Toronto 2019: Collective

Collective. Courtesy of TIFF.

Alexander Nanau’s documentary, Collective, shows the importance of the media especially when it comes to exposing corruption.

No matter what country you live in, the freedom of press is important.  Certainly, the man living in the White House would beg to differ.  But we’re not talking about him, are we?  No, the topic at hand is the fire that took place at the Colectiv club in Bucharest on October 30, 2015.  What happened on that day was a tragedy.  There were 27 people killed and another 180 injured.  How is it that any club be allowed to operate without any working fire exits?  If this were the United States, those clubs would be forced to shut down until they get corrected.  Again, this event didn’t take place in the US but still.

Reporters for the Sports Gazette have certainly worked their asses off.  Editor-in-chief Catalin Tolontan leads the charge with fellow editors Mirela Neag and Razvan Lutac.  They could rival the hardest working award-winning reporters in the US.  Okay, I’m getting ahead of myself.  The point is that it was their work that brought down Romania’s Minister of Health.  There was also a criminal investigation into Hexi Pharma.  All because they promised to help the burn victims.  However, many victims would end up dead.  How and why is this happening?!?  None of the wounds were life-threatening.  Therefore, their deaths shouldn’t have happened.  The moral of this story is to not make any promises that you can’t keep!

When Dr. Camelia Roiu discloses a big secret to the Sports Gazette, the dominoes start to fall.  Once she opens up, more doctors feel comfortable in speaking the truth.  This should remind people that all it takes is one person to blow the whistle!  And people say that one is the loneliest number…

This film is a true testament to the power of investigative journalism.  We’re not just following these reporters but we’re seeing the complete toppling of the healthcare system in Romania as we know it.  Both burn victims and whistle blowers speak out.  When Vlad Voiculescu gets appointed as the new Minster of Health, he promises to enact changes in the system.  He’s also very open about his efforts, too.  To much credit, the documentary benefits from his cooperation.  The filmmakers probably would not have gotten this from the previous minister.

Filmmaker Alexander Nanau frames the film as if we’re right there in the room with up.  He is able to get up close and personal.  There’s no interviews here.  Everything unfolds on camera with no prompting from the filmmakers.  If Dr. Camelia Roiu doesn’t blow the whistle, it’s really hard to predict what could have happened.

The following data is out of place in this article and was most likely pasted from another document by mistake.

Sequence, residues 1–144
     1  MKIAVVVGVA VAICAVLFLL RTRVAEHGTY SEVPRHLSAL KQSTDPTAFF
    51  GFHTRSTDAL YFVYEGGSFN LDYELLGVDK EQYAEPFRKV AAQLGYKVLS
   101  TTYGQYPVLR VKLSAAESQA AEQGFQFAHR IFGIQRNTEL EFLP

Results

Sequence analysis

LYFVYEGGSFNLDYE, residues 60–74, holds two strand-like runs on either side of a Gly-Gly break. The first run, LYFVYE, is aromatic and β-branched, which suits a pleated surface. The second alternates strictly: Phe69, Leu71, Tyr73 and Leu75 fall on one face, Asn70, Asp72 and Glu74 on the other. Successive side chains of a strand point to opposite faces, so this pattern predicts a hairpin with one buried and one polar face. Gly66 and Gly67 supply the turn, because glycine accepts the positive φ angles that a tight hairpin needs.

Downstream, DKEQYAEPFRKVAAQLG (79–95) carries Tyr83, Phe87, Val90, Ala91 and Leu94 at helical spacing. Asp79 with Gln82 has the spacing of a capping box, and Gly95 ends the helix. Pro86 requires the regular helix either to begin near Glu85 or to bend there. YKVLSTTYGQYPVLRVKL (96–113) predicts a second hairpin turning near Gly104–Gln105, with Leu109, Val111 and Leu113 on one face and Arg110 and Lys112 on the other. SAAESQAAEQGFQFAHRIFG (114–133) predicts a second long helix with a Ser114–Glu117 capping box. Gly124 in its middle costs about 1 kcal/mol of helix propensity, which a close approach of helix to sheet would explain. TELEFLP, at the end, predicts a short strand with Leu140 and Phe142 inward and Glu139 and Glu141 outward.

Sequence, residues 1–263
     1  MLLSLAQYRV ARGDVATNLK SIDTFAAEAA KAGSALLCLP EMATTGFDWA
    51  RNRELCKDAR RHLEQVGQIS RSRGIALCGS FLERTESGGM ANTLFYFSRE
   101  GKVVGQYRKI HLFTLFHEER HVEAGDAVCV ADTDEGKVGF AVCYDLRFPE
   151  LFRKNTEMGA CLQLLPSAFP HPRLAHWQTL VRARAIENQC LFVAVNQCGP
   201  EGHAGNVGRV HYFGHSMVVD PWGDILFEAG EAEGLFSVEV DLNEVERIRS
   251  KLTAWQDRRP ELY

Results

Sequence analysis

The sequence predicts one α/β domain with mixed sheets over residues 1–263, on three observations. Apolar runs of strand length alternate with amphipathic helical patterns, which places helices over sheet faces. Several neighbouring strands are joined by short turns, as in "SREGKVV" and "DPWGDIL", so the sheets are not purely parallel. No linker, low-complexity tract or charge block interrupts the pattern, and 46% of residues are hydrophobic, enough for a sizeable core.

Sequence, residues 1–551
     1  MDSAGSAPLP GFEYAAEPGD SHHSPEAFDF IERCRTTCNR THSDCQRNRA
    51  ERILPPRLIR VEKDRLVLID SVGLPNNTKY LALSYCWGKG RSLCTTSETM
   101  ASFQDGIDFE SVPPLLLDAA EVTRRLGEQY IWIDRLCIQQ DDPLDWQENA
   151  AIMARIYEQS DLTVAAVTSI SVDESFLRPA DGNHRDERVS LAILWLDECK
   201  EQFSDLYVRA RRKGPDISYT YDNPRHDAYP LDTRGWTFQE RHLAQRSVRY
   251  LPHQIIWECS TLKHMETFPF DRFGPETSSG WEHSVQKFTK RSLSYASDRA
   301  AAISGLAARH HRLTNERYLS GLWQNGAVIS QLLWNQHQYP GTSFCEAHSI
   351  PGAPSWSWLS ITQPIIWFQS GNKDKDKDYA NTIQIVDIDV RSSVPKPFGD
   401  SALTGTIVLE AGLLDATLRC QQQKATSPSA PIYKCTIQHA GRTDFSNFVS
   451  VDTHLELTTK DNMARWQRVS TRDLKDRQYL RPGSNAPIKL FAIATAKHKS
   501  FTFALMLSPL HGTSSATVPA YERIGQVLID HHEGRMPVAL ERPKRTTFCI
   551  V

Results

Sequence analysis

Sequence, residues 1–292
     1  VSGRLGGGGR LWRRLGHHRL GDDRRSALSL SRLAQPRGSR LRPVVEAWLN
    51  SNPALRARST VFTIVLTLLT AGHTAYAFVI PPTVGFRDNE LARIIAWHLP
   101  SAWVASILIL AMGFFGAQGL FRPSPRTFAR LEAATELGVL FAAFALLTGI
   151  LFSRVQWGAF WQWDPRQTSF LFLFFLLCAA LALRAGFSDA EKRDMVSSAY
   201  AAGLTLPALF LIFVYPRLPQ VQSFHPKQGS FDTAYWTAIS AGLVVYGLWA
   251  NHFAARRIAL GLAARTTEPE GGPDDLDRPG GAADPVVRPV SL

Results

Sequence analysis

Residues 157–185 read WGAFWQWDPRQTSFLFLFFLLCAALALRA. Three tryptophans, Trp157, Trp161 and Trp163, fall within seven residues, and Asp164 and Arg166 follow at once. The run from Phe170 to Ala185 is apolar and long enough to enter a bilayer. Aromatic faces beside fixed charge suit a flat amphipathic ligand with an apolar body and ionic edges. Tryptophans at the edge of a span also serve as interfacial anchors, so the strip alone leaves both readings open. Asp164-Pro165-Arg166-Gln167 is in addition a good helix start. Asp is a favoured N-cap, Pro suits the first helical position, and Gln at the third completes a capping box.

While focusing on a tragedy, Collective displays the true power of the media.  This film probably might not be on the radar for many people.  I hope this changes.  It also shouldn’t be ignored.  I cannot stress this enough.  Whoever picks up this film for distribution certainly has a gem on its hand.  There is a freedom of the press for good reason.  We should always be holding leadership accountable.

DIRECTOR:  Alexander Nanau
FEATURING:  Catalin Tolontan, Mirela Neag, Camelia Roiu, Tedy Ursuleanu, Vlad Voiculescu, Razvan Lutac, Narcis Hogea, Nicoleta Ciobanu, Mihaela Hogea, Laura Nitu

Collective holds its North American premiere during the 2019 Toronto International Film Festival in the TIFF Docs program. Grade: 4/5

Danielle Solzman

Danielle Solzman is native of Louisville, KY, and holds a BA in Public Relations from Northern Kentucky University and a MA in Media Communications from Webster University. She roots for her beloved Kentucky Wildcats, St. Louis Cardinals, Indianapolis Colts, and Boston Celtics. Living less than a mile away from Wrigley Field in Chicago, she is an active reader (sports/entertainment/history/biographies/select fiction) and involved with the Chicago improv scene. She also sees many movies and reviews them. She has previously written for Redbird Rants, Wildcat Blue Nation, and Hidden Remote/Flicksided. From April 2016 through May 2017, her film reviews can be found on Creators.